- A masterclass in the art of the spooky loop from a producer at his peak.
- Can three tracks be magisterial? Listening to Binh's latest EP on his home away from home, Cabaret, I keep returning to this word. These aren't Binh's most memorable tracks, but they're confident in a way that points to an strong grasp of a sound. This is even more striking when we factor in, as a Discogs user notes, the record's improvisational feel. It sounds like dialing into a late night jam session that has been happening for hours. But the feel isn't three shots of peppermint schnapps playing catch-up. It's a soft landing into the mind of a producer at his peak.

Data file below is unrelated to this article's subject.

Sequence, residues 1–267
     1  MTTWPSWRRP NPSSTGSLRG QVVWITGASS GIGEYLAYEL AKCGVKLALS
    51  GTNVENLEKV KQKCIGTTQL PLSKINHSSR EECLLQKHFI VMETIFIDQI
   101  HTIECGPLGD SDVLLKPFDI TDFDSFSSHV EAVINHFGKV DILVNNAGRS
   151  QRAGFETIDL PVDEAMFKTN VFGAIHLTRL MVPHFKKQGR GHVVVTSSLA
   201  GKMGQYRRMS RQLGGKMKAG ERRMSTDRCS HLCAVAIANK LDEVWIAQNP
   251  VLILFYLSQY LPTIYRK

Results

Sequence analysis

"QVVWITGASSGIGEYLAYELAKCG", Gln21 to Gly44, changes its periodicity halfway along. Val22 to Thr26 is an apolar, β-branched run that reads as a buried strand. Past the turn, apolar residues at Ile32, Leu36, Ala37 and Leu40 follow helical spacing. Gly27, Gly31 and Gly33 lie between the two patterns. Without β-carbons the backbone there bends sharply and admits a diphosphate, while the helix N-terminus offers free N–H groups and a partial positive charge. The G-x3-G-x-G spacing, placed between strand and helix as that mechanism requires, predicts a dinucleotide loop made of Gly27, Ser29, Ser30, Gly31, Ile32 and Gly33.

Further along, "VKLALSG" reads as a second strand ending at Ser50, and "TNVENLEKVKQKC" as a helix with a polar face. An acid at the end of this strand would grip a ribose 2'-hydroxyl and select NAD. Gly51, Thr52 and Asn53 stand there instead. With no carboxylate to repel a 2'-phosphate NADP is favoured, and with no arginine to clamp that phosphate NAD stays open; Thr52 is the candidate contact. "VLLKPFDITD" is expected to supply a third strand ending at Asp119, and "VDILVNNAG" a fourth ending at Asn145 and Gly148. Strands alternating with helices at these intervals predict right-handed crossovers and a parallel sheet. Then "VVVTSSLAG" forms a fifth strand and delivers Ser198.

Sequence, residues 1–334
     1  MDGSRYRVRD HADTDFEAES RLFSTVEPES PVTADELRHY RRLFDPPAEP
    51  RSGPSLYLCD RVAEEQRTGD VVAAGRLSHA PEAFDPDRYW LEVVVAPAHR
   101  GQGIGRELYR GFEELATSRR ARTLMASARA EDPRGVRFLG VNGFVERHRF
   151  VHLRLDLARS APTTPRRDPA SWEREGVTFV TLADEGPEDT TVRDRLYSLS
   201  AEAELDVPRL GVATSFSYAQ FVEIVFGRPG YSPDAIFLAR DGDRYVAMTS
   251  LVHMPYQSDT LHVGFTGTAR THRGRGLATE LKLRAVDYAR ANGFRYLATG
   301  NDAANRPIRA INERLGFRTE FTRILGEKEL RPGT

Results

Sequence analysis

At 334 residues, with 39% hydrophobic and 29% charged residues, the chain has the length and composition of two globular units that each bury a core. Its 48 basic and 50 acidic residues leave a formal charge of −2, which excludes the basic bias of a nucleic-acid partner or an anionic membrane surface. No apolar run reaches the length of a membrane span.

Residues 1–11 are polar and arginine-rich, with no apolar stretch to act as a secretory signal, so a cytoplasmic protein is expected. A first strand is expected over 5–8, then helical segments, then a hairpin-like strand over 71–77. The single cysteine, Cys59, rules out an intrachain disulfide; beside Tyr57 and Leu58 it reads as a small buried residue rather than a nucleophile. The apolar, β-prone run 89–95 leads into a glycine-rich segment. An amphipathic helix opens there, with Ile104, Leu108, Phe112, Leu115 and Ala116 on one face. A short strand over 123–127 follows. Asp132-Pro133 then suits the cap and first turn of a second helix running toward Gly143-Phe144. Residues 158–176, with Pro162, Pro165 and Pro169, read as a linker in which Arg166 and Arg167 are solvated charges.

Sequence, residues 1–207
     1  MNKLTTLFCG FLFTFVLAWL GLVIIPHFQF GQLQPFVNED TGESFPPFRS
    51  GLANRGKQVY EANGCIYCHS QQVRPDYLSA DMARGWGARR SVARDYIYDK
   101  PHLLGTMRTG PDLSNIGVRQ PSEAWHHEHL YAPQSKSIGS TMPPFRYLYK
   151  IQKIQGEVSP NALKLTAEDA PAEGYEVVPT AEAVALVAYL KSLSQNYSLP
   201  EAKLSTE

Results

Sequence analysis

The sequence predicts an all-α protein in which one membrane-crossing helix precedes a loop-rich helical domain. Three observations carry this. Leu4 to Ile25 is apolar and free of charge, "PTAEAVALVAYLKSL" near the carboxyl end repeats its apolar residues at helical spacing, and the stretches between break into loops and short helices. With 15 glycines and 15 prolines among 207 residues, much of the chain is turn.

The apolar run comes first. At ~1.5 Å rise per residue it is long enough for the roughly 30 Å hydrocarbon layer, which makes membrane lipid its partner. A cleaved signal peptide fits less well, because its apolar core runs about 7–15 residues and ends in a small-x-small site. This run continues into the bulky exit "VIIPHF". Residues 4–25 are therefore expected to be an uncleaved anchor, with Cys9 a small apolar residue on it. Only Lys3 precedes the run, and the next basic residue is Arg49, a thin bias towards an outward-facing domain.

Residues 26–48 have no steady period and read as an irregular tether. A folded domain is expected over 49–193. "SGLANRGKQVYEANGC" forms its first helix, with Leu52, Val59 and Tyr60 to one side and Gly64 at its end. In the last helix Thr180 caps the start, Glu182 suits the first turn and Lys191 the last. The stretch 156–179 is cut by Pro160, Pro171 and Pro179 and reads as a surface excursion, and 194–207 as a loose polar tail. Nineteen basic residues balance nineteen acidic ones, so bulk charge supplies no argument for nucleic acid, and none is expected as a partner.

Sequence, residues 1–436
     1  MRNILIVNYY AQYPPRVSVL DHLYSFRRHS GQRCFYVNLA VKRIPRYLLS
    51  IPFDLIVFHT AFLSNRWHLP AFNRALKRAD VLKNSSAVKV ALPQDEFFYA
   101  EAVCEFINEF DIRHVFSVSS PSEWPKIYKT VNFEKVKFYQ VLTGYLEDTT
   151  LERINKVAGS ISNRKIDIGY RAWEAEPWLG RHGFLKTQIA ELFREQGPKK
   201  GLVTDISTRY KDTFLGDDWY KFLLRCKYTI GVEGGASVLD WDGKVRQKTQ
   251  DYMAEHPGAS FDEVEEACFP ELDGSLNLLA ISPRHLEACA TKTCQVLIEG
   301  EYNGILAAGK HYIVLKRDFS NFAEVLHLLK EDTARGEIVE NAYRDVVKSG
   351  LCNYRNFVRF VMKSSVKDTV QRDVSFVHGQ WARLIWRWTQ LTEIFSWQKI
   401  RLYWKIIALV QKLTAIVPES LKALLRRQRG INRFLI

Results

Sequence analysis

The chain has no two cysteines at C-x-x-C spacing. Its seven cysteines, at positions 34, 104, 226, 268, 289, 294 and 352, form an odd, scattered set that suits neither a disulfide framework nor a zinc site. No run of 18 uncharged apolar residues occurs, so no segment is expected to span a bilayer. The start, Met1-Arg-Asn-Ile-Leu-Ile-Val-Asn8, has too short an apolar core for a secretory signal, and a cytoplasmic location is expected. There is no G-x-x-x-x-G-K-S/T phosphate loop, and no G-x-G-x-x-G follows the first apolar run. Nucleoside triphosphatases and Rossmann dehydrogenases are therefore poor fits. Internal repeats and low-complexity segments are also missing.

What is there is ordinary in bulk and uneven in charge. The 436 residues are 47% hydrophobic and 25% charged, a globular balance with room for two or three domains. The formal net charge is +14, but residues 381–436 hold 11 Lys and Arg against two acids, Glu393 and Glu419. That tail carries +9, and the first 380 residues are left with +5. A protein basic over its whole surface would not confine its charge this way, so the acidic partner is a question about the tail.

This is especially true of "Mandarine." The song has a jazziness, if not in content then in form. The rhythm stays steady, while different melodies take turns playing the lead. Some zippy bleeps at the start, a bounced melody and an acid line, before a boozy astronaut grabs the synth and offers us some warbled transmissions from the cosmos. "Rolli Glitzer Kurz" is what we could call the "Halloween techno" that Binh has helped popularize (what Mark Smith hailed as Binh's "demented atmospheres"). Minor chords, a plucked synth, and snares low in the mix give the track an uneasiness akin to whiteknuckled driving through Sleepy Hollow with the headlights dimmed. If "Rolli Glitzer Kurz" is Halloween, "Beeboo" is the morning after. Reverb-laced percussion and lazy chords don't so much as alleviate the anxiety as diffuse it, like spots of light through the Jack-o'-lantern's grin.
A2 Rolli Glitzer Kurz